Outside of Belle Isle, Jakes ran midfield for much of the season, but generally kept himself out of trouble. The two crashes that he had in 2013 were quite unusual. In Toronto, he crashed in Turn 5 after hitting the curb hard enough to knock his hands off of the steering wheel. Fontana saw Jakes run over debris from a multi-car crash in front of him and hit the wall. A half shaft just missed hitting Jakes in the head.
Overall, Jakes had some bright spots, but still could only manage 19th in points. He’s got a lot of room for improvement in 2014, wherever he might end up. As of right now, Jakes has not announced any plans for the upcoming season.
Best Finish: 2nd (Belle Isle, Race No. 1)
Saavedra was drafted into Dragon Racing’s fold to replace Katherine Legge, who was more or less responsible for bringing primary sponsor TrueCar to the team. Yeah, that didn’t go over well.
While Legge ended up landing on her feet in the American Le Mans Series with the DeltaWing, Saavedra was happy to be back in the Izod IndyCar Series full-time after only making three starts in 2012. The No. 6 that Saavedra drove was part-time as well. Dragon Racing only had the funds to start Legge in ten races.
Saavedra’s performances in 2013 were better than what Legge was able to put up (just barely), but they were still the worst of any full-time driver in the Izod IndyCar Series. The eighth-place finish in Baltimore didn’t come without issues as Saavedra was caught up in a restart crash on Lap 57. However, you should get the equivalent of a “Tommy Point” just for finishing that crazy race.
Probably the most visible moment of Saavedra’s season was when he crashed out of Dual No. 1 of the Quicken Loans Duals at Detroit after contact from Marco Andretti. Saavedra was none too pleased at Andretti’s actions and “let him know about it”: http://www.youtube.com/watch?v=ORKWckxygLU. Those gestures earned Saavedra a $30,000 fine from the sanctioning body. While Saavedra did pick up a top-10 on Sunday in Dual No. 2, that was overshadowed by Saturday’s failure.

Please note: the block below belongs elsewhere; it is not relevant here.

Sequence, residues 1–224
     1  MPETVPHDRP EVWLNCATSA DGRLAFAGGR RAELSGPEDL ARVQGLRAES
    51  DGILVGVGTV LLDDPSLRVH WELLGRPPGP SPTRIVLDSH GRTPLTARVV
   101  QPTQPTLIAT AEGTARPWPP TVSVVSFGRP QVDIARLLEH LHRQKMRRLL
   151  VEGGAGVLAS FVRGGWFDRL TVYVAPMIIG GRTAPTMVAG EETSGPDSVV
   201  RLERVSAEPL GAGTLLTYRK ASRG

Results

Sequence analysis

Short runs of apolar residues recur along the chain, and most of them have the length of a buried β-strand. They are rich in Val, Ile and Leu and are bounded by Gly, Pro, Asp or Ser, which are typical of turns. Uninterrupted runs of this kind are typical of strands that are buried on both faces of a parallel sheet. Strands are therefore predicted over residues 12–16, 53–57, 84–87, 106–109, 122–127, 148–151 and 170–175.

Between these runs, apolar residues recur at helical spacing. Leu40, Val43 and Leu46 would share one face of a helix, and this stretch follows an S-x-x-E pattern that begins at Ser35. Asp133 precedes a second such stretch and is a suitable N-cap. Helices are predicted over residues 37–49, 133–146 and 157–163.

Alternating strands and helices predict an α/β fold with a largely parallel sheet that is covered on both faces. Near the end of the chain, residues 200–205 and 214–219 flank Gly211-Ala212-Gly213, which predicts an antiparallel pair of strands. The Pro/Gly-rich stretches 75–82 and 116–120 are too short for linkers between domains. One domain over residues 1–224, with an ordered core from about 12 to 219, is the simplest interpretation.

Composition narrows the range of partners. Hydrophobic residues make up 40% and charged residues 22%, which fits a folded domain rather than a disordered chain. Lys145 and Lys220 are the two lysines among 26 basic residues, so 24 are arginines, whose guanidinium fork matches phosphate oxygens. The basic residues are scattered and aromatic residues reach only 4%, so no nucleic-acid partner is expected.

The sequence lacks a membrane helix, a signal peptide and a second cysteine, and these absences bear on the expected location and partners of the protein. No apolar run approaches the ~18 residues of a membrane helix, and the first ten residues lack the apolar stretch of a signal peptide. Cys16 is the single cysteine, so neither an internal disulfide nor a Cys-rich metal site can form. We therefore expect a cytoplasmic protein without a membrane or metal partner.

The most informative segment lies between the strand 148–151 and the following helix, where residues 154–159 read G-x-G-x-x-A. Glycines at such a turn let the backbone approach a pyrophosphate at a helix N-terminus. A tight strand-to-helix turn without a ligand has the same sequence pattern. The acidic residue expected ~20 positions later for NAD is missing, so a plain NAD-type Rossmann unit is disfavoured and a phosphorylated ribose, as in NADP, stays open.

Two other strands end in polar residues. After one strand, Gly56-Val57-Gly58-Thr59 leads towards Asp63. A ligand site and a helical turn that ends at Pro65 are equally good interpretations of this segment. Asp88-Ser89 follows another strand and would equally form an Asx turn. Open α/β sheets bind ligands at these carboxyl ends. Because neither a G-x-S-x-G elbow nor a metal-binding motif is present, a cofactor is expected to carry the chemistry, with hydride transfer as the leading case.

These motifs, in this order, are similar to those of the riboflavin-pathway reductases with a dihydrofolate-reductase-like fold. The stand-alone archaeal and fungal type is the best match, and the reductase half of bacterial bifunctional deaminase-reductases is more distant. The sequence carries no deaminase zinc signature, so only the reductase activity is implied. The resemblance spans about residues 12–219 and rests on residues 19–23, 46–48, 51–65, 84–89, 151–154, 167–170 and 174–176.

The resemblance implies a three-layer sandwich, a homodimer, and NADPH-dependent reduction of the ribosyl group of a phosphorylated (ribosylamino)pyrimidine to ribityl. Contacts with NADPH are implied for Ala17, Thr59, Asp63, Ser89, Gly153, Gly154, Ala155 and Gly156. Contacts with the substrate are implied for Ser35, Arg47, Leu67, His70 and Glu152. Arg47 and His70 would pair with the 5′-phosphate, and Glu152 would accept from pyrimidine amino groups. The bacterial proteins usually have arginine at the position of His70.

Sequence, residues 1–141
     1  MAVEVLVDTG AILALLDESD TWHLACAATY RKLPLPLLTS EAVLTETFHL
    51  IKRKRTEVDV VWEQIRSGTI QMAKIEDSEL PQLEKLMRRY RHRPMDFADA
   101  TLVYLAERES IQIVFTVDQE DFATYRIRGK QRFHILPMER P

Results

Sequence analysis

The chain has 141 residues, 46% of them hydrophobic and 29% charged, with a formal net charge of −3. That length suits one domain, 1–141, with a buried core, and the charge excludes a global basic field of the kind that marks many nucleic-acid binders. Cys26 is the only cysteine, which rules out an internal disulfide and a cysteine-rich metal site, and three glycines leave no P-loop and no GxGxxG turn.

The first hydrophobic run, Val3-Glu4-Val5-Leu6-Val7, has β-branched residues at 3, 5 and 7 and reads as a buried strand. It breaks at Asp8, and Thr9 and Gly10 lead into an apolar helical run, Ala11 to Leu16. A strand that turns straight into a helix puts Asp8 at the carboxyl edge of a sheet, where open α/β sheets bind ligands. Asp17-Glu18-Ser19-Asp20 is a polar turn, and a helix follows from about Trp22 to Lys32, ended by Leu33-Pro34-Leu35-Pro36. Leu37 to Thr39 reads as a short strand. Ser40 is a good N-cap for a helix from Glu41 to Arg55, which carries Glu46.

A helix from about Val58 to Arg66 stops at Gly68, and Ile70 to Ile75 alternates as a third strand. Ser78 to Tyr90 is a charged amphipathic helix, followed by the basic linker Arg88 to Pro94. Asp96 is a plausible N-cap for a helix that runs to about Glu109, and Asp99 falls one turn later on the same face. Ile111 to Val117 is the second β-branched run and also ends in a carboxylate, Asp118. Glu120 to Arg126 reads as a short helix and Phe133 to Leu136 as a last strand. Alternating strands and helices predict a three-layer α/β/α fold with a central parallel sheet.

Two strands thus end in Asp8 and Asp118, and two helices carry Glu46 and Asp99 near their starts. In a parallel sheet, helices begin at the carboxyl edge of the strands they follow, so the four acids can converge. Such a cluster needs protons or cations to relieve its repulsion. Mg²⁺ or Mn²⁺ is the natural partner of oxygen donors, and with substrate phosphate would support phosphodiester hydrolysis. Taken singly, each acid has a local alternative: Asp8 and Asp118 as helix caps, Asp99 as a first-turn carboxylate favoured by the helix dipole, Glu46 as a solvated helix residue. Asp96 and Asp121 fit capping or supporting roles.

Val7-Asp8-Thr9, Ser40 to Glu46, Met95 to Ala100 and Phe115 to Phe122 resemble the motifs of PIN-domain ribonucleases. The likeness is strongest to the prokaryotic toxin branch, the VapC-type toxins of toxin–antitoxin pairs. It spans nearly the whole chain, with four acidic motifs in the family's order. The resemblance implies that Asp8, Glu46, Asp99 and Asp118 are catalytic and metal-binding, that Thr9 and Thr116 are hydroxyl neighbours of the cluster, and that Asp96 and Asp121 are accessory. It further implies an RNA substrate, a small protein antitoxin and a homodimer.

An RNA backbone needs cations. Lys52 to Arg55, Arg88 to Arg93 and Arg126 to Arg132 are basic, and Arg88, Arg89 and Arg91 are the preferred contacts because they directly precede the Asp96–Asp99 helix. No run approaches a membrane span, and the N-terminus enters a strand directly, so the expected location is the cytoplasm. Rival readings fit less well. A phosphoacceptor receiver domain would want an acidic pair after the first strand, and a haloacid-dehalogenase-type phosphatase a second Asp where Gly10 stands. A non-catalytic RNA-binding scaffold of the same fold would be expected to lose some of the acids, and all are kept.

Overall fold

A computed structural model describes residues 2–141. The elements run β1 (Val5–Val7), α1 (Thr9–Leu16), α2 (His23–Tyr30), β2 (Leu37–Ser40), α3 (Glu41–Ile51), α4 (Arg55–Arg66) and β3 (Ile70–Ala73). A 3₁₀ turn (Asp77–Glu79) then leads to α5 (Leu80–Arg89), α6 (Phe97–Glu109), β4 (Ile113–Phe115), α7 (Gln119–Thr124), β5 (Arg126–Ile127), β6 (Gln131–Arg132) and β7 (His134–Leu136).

The rest of the season was marked by a series of wrecks (Saavedra failed to finish six races due to crashes) and mediocre finishes. Saavedra only managed to finish four of the 19 races on the lead lap.
For 2014, Saavedra’s plans are currently unknown. Dragon Racing announced in September that they have submitted an entry to run in the new FIA Formula E Championship, which begins in September, 2014, after the IndyCar Series would be complete. There is a possibility that Saavedra could end up racing there, but otherwise, there has been nothing out of Dragon Racing since Fontana. There is a chance that Saavedra could be on the outside looking in for 2014.
Best Finish: 8th (Baltimore)
Kimball had a breakthrough year in 2013, his third season in the IZOD IndyCar Series. He improved in every category across the board, improving his final standings position, 19th in his first two seasons, to 9th in his third for his first top ten in championship points. While he still needs to work on consistency, his average finish improved from 14.1 last year to 10.9 this year, and, likely much to team owner Chip Ganassi’s relief, he finished all but two races, also an improvement over the prior two seasons. The big highlight was of course his first series win at Mid-Ohio, a victory he scored in convincing fashion, leading a race high 46 laps on the way. He also made the podium at Pocono, joining his two teammates in a Ganassi sweep of the top three.
Best Finish: 1st at Mid-Ohio
E.J. Viso is…well…E.J. Viso. 2013 found him at Andretti Autosport and while it was his best season to date, with a 15th place final championship result and only two DNFs, after six years, it doesn’t represent much growth as a driver. Viso did score his first pole at the first Belle Isle race, but didn’t really close the deal, with no podium results. It’s not the equipment. His three Andretti Autosport teammates finished 5th, 7th, and 8th in the same cars. Viso missed the season finale at Fontana due to illness, turning over his seat to the man who would ironically replace him at Andretti Autosport, Carlos Munoz. Viso’s 2014 plans are unknown at this time.